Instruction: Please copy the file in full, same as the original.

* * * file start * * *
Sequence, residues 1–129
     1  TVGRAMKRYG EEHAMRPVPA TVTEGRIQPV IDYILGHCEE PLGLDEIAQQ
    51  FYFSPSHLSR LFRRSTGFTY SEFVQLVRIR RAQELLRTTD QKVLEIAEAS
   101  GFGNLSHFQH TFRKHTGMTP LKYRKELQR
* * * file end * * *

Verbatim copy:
Sequence, residues 1–129
     1  TVGRAMKRYG EEHAMRPVPA TVTEGRIQPV IDYILGHCEE PLGLDEIAQQ
    51  FYFSPSHLSR LFRRSTGFTY SEFVQLVRIR RAQELLRTTD QKVLEIAEAS
   101  GFGNLSHFQH TFRKHTGMTP LKYRKELQR